Setting the window’s attributes is just as easy as setting the attributes for a button. The trick is to select the window instead of selecting the button. After doing so, you can apply attributes to the window in exactly the same way that you would apply attributes to a button. Once again, the code is updated to reflect your changes. If you look at Figure E for example, you will see that I have changed the window’s color and Visual Studio has added a tag named Grid Background that defines the window’s background color.

Figure E: I have changed the background color for the window.

So what if I wanted to apply these changes to the MyForms.XAML file that I talked about at the beginning of this article? Well, it’s easy enough to do. All I have to do is copy the attributes that Visual Studio added to the sample code and then apply those attributes to the MyForms.XAML file. You can see the modified code below. If you are unclear about the modifications, you can compare this code to the code that I listed at the beginning of the article.




Title=”MainWindow” Height=”350″ Width=”525″>

<Grid Background=”#FFB7C9C4″>

<Button Name=”MyButton” Content=”Button” HorizontalAlignment=”Left” Margin=”249,132,0,0″ VerticalAlignment=”Top” Width=”75″ Background=”#FF057DF5″ Foreground=”#FFFDF9F9″ BorderBrush=”#FF171717″/>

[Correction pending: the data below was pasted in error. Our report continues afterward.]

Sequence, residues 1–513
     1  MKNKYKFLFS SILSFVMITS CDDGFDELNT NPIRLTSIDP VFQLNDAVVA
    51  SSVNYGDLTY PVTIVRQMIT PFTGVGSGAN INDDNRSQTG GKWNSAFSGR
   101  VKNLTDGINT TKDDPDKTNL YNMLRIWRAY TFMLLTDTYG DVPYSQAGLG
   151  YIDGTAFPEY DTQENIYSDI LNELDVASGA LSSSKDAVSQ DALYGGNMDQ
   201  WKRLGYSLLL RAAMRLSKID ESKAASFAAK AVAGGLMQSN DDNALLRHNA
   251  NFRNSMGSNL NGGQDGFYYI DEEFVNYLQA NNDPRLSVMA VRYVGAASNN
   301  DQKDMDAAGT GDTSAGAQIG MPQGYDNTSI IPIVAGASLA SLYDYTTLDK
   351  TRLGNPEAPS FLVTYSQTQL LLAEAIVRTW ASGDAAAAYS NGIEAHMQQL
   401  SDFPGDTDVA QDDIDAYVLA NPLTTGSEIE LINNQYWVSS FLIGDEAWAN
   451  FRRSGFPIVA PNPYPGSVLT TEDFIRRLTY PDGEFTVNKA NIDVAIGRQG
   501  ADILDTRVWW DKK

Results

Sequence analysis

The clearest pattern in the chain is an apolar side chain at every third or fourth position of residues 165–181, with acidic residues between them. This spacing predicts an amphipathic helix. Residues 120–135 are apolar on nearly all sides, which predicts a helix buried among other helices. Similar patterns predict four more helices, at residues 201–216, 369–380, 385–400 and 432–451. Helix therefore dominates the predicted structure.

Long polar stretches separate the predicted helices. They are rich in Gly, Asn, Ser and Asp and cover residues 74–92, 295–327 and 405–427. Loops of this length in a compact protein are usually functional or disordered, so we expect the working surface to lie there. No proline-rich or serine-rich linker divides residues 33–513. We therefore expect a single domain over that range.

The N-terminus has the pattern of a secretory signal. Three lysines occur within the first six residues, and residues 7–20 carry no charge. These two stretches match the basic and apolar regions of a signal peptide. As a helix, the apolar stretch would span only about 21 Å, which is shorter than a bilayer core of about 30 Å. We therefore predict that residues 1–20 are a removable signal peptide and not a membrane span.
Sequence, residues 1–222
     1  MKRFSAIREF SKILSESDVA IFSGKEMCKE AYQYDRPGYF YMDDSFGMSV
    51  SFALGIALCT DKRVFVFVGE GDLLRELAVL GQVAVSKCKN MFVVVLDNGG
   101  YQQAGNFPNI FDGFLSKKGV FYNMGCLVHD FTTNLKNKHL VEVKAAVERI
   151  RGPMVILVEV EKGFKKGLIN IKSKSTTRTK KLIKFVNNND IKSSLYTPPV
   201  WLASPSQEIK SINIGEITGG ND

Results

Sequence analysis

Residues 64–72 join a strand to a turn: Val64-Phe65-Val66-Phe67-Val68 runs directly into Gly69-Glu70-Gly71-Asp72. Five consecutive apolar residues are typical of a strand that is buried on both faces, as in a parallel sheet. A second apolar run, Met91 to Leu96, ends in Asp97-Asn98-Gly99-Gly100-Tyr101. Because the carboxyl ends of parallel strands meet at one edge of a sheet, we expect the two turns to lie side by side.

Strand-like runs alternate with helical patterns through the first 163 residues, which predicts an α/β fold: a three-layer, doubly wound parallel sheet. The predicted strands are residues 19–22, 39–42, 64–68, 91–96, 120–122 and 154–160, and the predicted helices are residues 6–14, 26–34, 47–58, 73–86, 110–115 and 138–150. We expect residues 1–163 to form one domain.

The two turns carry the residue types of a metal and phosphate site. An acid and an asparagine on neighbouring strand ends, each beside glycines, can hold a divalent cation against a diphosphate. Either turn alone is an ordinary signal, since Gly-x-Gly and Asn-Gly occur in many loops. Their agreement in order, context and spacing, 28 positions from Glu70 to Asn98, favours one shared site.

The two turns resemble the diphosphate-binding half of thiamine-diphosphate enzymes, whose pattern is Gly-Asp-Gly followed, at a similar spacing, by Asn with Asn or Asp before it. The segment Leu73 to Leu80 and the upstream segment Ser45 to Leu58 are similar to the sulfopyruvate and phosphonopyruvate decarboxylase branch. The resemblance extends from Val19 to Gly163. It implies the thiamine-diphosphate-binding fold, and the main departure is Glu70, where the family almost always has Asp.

<Label Name=”MyLabel” Content=”Label” HorizontalAlignment=”Left” Margin=”88,73,0,0″ VerticalAlignment=”Top”/>




You can see the modified Hello World script’s output in Figure F.

Figure F: This is a color version of the Hello World script.


As you can see, there is a lot of room for creativity when building PowerShell GUI interfaces. In the next article, I will start adding more PowerShell code and demonstrate how to make the script do something useful.

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2 thoughts on “Building a PowerShell GUI (Part 3)”

  1. Thanks — but your text is very hard to read. Don’t you have Syntax highlighting available in your blog editor?

    1. Hello Tobias – You have a valid point there. We will look into the syntax highlighting options to make the scripts more readable.